The number of prisoners in England and Wales reached a new all-time high today. There were 82,319 inmates in total, nearly 140 more than the previous record set in February.
A Prison Service spokeswoman said it included 12 inmates being held in police stations as part of emergency measures to deal with overcrowding, known as Operation Safeguard.
The number of inmates has rocketed by nearly 600 in just three weeks - the equivalent of an average-sized jail.
The figures came after a row with the Prison Officers Association (POA), which claimed its members had lost control of sections in some jails, leading to "no-go areas".
Shadow justice secretary Nick Herbert said: "The Government can hardly be surprised that prison numbers have risen when violent crime has doubled in the last 10 years.
"They have ignored every warning about the lack of cells, overcrowding has got worse and re-offending has risen.
"The right way to reduce the prison population in the long term is not by releasing prisoners early or shortening sentences, but by ensuring adequate jail capacity, reforming prison regimes, reducing re-offending and cutting crime."
The Director of the Prison Reform Trust, Juliet Lyon, asked: "How can a Government committed to reducing social exclusion continue to allow prison numbers to slide out of control without taking steps to reduce sentence lengths, cut any unnecessary use of remand and recall and provide treatment in the community for addicts and the mentally ill?"
The Prison Service spokeswoman said: "The prison population remains of concern, but we have brought forward measures to address this which have already had an effect.
"Since the beginning of March we have increased total capacity by over 1,000 places through the prison building programme and more efficient use of the estate.
"This means we are able to manage the current high level of the population more effectively, with little use of police cells under Operation Safeguard.
"However, we are not complacent, and expect the pressure to continue for the time being."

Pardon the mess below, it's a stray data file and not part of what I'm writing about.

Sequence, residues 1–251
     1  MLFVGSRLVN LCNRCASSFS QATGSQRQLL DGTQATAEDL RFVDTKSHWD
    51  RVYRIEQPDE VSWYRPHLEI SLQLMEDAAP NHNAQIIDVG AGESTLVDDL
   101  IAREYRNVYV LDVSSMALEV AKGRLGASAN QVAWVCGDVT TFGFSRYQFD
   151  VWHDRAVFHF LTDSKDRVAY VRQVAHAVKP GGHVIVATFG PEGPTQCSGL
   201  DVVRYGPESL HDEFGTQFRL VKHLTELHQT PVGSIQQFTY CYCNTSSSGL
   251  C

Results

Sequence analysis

She added: "We commend the hard work of prison staff in holding prisoners safely and securely.
"Protecting the public is our first priority, and we will always ensure that there are places for those serious and dangerous offenders who ought to be in prison."
More than 2,500 new jail places would be delivered during this year, she added.
The POA's Glyn Travis appeared to accept that prison officers had lost control of jails, admitting that there were "no-go areas" in some institutions where inmates have "complete control".
Asked on BBC Radio 4's Today programme whether it was the case that "prison officers are not in control of our prisons, prisoners can do pretty much what they like - including escape - but they don't want to escape because life is so cushy", Mr Travis replied: "Unfortunately, you have summed that up pretty much well accurately."
A Ministry of Justice spokesman said: "The comments by POA undermine the excellent work done by prison officers - their own members.
"It is simply not true that there are areas of prisons that are no-go areas for staff.
"Prisoners do try to escape, but the Prison Service has an excellent record in preventing such escapes.
"The POA's description of prisons is out of touch with reality."
He went on: "Prisons have fundamentally been stable for over 10 years - this is an excellent record which all staff should be proud of."
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